Hawaiian Airlines says it expects to decide in the second quarter of 2013 which engines will power the Airbus A321neos it has on order.
The Honolulu-based airline finalised an agreement with Airbus late last week to purchase 16 of the jets with deliveries between 2017 and 2020, and an option to purchase an additional nine. The deal is worth $2.8 billion at list prices.
The A321neo is offered with a choice of either the CFM International Leap-1A engine, which will use advanced materials like ceramic matrix composites, or the Pratt & Whitney PurePower PW1100G engine, which has a reduction gear that improves the efficiency of the inlet fan.
Hawaiian has said the jet will carry 190 passengers in a two-class configuration and, according to Airbus, will have a "design range" of 3,650nm (6,760km).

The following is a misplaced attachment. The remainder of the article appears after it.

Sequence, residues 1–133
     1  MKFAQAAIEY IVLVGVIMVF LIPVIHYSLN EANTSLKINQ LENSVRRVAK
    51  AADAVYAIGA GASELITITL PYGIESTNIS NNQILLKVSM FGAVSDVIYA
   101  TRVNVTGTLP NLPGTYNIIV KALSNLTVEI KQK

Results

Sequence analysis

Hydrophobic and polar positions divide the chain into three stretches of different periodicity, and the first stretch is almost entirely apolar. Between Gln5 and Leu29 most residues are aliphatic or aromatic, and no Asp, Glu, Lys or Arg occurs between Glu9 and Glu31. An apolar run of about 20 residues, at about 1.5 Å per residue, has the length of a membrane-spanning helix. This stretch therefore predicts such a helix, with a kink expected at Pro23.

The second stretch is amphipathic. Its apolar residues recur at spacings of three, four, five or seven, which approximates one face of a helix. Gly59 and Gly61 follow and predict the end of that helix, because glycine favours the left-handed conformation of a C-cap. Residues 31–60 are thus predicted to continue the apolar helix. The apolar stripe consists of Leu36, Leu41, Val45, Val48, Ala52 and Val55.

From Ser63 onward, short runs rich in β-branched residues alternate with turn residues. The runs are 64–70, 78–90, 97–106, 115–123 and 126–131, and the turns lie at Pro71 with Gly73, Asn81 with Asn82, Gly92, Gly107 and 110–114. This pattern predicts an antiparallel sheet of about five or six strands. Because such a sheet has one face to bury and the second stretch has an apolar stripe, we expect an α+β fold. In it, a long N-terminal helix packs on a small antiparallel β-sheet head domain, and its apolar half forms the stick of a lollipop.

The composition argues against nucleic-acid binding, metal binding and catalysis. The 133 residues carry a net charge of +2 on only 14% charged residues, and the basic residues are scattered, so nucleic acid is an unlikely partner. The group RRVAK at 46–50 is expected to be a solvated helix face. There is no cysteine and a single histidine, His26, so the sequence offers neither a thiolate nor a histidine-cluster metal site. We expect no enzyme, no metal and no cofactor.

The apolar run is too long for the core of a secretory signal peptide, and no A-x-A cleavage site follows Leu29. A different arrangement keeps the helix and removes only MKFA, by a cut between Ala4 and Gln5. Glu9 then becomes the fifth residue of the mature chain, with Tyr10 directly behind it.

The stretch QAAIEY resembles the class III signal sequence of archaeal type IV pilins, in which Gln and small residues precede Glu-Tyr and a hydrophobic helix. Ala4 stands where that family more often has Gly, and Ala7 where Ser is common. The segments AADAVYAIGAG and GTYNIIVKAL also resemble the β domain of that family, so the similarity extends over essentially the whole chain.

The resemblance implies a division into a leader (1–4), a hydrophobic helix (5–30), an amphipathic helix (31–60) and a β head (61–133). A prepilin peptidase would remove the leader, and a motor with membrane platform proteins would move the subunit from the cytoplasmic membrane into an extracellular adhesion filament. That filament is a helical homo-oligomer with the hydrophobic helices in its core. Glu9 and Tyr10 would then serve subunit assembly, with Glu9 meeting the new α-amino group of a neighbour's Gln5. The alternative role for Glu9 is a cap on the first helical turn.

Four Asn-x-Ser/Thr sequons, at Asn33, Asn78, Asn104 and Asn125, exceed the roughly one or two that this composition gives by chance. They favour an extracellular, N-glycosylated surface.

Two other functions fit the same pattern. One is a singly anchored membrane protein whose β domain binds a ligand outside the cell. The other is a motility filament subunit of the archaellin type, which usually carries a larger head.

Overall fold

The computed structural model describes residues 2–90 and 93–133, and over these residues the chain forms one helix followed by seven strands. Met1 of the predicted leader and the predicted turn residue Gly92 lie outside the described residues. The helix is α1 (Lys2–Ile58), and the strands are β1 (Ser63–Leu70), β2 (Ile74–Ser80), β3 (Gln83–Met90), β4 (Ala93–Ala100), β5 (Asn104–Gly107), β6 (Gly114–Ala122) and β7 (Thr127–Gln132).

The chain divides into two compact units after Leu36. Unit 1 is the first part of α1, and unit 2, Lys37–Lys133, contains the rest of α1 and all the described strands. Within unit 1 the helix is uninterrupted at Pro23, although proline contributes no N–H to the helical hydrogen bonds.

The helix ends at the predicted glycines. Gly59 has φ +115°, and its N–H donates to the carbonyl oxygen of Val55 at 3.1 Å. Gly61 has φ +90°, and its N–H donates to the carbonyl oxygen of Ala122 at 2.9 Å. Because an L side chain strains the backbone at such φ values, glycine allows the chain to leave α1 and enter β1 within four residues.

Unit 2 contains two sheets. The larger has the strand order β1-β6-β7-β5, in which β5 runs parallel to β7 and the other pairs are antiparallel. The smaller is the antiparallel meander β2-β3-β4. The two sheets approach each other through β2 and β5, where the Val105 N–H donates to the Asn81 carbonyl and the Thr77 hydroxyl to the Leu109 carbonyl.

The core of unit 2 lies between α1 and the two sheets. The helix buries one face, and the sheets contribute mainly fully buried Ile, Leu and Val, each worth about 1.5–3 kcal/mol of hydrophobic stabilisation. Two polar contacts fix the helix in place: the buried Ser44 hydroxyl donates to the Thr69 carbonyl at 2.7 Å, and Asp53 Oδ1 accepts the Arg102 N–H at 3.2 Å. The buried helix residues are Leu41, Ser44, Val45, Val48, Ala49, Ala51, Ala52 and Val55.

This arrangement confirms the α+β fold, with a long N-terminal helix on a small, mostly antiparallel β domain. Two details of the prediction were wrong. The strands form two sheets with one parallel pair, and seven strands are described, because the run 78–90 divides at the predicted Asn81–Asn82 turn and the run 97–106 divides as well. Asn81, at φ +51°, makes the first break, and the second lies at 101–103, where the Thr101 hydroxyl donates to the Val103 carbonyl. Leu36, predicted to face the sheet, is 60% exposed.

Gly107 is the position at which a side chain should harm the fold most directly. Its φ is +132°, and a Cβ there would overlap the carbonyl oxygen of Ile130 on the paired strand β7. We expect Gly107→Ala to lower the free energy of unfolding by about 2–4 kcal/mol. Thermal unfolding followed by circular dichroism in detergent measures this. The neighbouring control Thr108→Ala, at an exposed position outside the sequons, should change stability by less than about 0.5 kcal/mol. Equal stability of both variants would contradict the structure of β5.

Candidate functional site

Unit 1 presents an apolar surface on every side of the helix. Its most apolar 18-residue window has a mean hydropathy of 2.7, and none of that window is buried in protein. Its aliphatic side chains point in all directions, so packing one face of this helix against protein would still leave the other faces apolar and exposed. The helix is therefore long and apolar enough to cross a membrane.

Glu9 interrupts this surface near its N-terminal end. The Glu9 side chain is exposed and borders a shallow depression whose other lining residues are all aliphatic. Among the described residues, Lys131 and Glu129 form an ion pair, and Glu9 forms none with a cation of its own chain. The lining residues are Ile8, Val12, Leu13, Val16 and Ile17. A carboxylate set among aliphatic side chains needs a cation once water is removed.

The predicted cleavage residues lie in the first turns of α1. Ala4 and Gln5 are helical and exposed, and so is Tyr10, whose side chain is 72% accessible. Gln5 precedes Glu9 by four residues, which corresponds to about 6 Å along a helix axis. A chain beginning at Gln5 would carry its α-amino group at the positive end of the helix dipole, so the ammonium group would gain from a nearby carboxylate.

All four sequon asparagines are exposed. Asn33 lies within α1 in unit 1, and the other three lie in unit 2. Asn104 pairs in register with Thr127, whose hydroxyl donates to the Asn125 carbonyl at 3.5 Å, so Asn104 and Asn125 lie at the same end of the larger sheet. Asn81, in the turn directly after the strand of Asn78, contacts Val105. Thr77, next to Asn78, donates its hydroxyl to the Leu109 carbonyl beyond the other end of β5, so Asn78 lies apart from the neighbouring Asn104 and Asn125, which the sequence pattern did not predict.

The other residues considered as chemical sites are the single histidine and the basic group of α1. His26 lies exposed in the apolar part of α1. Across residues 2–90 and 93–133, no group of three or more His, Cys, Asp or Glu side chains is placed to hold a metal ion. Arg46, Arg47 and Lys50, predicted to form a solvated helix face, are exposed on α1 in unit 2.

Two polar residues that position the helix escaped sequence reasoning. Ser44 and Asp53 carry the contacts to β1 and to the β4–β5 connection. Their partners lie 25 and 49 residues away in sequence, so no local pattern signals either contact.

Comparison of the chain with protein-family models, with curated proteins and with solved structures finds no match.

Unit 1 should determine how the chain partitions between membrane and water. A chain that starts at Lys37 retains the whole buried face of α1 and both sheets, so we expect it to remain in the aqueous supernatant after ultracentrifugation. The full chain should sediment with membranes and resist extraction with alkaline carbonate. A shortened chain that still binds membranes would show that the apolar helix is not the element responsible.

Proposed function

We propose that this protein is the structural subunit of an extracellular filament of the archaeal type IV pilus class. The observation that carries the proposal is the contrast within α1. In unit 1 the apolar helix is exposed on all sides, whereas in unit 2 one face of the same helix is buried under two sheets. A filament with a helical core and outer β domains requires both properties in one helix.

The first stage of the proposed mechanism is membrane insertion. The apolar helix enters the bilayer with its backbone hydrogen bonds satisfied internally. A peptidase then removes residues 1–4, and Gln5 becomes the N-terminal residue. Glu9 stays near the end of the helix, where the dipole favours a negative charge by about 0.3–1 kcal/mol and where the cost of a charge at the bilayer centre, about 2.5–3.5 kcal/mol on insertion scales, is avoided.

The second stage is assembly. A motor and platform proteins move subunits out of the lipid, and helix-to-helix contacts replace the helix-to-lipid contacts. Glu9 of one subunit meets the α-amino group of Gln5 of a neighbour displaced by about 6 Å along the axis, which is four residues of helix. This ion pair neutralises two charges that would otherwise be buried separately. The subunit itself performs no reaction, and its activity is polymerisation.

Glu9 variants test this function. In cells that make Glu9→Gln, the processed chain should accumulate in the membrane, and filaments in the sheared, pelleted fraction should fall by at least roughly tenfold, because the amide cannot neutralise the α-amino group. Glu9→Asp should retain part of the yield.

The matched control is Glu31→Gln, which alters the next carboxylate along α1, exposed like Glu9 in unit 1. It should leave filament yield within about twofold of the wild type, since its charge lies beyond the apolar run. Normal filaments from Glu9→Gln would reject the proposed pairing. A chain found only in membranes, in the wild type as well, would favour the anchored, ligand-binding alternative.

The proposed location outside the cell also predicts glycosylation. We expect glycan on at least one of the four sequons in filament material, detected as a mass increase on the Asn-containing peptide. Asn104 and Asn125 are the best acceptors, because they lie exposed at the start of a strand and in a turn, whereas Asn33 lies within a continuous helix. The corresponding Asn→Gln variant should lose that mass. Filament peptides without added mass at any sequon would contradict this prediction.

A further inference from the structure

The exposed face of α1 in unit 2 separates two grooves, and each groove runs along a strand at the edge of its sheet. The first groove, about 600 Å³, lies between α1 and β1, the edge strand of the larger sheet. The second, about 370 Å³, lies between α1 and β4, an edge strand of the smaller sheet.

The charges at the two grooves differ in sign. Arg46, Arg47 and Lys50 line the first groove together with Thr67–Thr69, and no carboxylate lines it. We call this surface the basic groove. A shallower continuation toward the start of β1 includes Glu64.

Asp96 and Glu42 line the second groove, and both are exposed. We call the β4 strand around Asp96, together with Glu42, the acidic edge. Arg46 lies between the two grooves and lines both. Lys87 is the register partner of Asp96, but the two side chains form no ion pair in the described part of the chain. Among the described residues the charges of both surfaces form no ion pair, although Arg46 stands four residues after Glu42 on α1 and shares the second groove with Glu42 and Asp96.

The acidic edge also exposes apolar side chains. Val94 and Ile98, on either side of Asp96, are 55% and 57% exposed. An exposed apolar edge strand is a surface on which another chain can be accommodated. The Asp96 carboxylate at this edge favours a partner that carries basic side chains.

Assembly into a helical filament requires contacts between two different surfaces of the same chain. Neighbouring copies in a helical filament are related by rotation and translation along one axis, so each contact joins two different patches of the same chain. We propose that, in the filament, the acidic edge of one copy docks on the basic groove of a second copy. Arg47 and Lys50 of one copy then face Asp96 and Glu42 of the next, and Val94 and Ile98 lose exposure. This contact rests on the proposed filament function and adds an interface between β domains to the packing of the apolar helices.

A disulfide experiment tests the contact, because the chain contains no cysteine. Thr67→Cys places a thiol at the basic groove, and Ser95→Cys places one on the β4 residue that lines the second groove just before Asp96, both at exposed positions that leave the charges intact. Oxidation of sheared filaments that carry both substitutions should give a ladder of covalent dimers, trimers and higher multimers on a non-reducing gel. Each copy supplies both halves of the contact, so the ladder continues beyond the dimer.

Wagner declined to name the cities the airline plans to serve with the aircraft, but says the aircraft will likely fly between Hawaiian cities other than Honolulu and US west coast cities that are already served by the airline.
Hawaiian chief executive Mark Dunkerley told Flightglobal in January that the new routes could connect the US mainland to island markets like Hilo, Kona and Lihue.
Hawaiian already flies from Honolulu to the California cities of San Diego, Los Angeles, San Jose, San Francisco, Oakland and Sacramento, as well as to Seattle, Washington and Portland, Oregon. The airline also flies from Kahului on the island of Maui to Seattle, San Jose and Oakland.
Those routes, which are between roughly 2,100nm and 2,300nm, are served by Hawaiian's Boeing 767 or Airbus A330 aircraft.
Hawaiian did not say if the carrier will fly the A321neos further east, to cities like Las Vegas, Nevada, and Phoenix, Arizona, which are roughly 2,400nm and 2,500nm from Honolulu, respectively.
Those cities might be at the "outer limits" of the A321neo's range, Hawiian says says.
Hawaiian currently serves Las Vegas and Phoenix from Honolulu using widebodies.